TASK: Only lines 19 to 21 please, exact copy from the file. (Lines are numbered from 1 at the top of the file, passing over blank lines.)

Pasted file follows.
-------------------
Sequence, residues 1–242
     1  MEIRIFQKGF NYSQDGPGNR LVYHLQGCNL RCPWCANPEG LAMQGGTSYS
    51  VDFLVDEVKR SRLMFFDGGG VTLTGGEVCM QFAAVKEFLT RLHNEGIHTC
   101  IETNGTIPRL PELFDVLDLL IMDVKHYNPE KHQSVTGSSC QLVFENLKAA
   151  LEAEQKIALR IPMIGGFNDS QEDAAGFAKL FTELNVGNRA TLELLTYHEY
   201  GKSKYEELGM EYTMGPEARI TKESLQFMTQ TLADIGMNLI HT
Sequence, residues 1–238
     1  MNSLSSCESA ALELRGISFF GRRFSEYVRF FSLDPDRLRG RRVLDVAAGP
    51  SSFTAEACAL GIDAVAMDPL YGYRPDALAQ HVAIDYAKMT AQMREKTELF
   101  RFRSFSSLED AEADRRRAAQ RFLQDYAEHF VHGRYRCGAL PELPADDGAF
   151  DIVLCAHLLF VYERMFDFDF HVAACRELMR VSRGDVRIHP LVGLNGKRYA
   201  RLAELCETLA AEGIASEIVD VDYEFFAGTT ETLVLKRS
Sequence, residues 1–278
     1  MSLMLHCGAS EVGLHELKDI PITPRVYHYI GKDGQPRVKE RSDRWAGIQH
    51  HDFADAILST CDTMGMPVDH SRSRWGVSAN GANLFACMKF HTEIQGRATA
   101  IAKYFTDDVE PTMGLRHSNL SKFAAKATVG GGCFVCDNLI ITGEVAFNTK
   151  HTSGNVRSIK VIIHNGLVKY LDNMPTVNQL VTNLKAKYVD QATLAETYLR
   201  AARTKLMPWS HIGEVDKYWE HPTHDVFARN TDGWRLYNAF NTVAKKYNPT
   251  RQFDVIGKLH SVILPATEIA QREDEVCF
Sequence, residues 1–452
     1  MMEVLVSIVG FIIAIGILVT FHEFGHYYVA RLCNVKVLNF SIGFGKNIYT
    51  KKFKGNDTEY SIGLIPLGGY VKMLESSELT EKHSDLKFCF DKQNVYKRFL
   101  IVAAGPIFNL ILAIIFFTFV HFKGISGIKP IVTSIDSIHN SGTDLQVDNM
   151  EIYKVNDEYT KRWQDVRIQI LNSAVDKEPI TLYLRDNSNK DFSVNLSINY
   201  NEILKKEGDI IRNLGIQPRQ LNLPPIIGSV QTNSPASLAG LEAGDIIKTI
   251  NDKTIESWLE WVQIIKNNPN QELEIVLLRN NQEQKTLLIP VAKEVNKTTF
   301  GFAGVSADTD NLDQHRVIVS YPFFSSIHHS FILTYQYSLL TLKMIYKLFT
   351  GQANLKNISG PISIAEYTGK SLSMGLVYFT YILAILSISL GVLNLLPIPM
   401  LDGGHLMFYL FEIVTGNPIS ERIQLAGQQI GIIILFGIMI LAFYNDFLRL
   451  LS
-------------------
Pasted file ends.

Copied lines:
   251  RQFDVIGKLH SVILPATEIA QREDEVCF
Sequence, residues 1–452
     1  MMEVLVSIVG FIIAIGILVT FHEFGHYYVA RLCNVKVLNF SIGFGKNIYT